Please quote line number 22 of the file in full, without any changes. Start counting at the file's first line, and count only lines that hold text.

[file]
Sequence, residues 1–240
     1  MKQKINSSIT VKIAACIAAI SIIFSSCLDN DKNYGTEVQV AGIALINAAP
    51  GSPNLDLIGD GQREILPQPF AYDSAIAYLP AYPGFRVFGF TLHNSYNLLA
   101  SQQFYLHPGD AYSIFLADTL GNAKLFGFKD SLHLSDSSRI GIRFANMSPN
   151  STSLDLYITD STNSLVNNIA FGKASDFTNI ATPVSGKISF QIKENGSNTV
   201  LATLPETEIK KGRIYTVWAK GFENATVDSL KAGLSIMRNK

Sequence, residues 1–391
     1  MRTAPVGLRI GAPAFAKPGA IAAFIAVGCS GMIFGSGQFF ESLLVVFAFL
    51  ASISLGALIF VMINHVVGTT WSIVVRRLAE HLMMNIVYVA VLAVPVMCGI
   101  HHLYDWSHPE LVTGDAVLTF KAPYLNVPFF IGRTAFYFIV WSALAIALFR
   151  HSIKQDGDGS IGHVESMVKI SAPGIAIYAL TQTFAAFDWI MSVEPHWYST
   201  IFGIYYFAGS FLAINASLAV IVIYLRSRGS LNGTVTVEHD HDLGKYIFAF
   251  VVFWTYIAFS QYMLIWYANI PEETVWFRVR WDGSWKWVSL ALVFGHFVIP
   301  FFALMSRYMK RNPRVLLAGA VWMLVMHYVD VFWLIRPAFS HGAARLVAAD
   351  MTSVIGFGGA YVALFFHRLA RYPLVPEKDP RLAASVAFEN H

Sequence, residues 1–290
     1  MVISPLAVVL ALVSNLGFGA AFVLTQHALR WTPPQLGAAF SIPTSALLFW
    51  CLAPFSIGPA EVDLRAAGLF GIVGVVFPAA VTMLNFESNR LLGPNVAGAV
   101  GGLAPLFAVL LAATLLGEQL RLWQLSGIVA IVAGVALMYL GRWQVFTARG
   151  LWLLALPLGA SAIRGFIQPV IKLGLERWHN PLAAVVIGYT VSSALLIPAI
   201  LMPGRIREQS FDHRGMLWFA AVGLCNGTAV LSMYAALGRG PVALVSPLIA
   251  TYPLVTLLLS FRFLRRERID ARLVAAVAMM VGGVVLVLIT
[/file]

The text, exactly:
   251  TYPLVTLLLS FRFLRRERID ARLVAAVAMM VGGVVLVLIT